The Way Of All Flesh

The Way of All Flesh is a novel by Samuel Butler, first published in 1903. It is a semi-autobiographical novel that follows the life of Ernest Pontifex, a young man who is born into a strict Victorian family. Ernest is expected to follow the path of his father, a clergyman, and become a minister himself. However, Ernest rebels against his family's expectations and instead pursues a career in science.

The novel follows Ernest's life from childhood to adulthood, as he struggles to reconcile his own desires with the expectations of his family. Ernest's father is a strict disciplinarian who believes in the importance of duty and obedience. Ernest's mother is a kind and loving woman who is more understanding of her son's desires. Ernest's siblings are also important characters in the novel, as they provide a contrast to Ernest's own struggles.

Ernest's journey is one of self-discovery and rebellion. He is determined to pursue his own path, despite the disapproval of his family. He is also determined to find his own way in life, and to make his own decisions. Along the way, Ernest makes mistakes and learns lessons, and eventually finds his own way in life.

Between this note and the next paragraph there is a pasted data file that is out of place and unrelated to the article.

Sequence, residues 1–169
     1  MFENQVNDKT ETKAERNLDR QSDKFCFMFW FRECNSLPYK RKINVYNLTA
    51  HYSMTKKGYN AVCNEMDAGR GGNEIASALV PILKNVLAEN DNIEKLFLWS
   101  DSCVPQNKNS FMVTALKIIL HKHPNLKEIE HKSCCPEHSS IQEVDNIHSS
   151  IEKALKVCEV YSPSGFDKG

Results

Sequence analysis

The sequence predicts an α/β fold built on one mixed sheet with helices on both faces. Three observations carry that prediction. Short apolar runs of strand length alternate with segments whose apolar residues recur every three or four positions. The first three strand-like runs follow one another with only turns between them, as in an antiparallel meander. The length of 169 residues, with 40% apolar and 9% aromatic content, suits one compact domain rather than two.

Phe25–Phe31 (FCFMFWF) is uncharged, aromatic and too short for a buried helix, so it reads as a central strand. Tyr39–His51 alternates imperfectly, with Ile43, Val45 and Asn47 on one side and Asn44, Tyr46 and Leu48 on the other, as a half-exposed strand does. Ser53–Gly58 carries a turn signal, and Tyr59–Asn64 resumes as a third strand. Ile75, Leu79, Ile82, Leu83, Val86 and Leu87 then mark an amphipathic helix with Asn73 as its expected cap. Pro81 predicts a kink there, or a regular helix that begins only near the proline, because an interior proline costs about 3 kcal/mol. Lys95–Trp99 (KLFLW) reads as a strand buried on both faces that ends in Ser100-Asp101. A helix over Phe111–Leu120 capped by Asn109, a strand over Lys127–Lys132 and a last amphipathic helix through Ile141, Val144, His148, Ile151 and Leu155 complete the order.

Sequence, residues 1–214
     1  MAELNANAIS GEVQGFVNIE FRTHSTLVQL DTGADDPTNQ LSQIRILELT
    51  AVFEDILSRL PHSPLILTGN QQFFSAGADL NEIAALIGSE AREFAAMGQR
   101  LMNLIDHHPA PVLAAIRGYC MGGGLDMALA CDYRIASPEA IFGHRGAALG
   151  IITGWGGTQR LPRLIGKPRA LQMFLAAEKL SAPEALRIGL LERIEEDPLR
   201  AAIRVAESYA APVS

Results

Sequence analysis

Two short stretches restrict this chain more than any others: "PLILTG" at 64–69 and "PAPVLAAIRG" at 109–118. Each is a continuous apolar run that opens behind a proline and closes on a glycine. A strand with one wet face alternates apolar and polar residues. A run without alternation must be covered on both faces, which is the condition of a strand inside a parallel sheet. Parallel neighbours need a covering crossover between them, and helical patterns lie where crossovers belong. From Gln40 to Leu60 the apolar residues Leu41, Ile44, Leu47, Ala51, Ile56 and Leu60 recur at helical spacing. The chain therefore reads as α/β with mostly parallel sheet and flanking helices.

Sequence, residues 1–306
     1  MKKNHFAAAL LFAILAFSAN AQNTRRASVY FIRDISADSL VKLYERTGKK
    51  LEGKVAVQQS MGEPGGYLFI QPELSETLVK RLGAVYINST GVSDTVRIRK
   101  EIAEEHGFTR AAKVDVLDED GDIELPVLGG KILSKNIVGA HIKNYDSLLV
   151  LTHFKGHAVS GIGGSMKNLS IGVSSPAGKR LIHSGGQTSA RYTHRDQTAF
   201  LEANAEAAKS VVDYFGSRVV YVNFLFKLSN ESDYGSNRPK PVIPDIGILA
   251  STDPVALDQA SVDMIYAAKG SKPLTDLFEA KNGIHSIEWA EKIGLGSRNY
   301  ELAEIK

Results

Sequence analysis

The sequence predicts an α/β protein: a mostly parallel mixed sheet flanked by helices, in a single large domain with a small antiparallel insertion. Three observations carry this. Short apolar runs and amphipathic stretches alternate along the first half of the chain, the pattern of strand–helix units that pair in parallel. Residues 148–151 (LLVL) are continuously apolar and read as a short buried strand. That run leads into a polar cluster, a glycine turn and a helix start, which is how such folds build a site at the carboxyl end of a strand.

The novel is a critique of Victorian society and its rigid social conventions. Butler uses Ernest's story to illustrate the difficulties of living in a society that is so restrictive and oppressive. He also uses Ernest's story to show the importance of individual freedom and self-determination.

The Way of All Flesh is a powerful and thought-provoking novel that is still relevant today. It is a timeless story of self-discovery and rebellion, and a reminder of the importance of individual freedom and self-determination.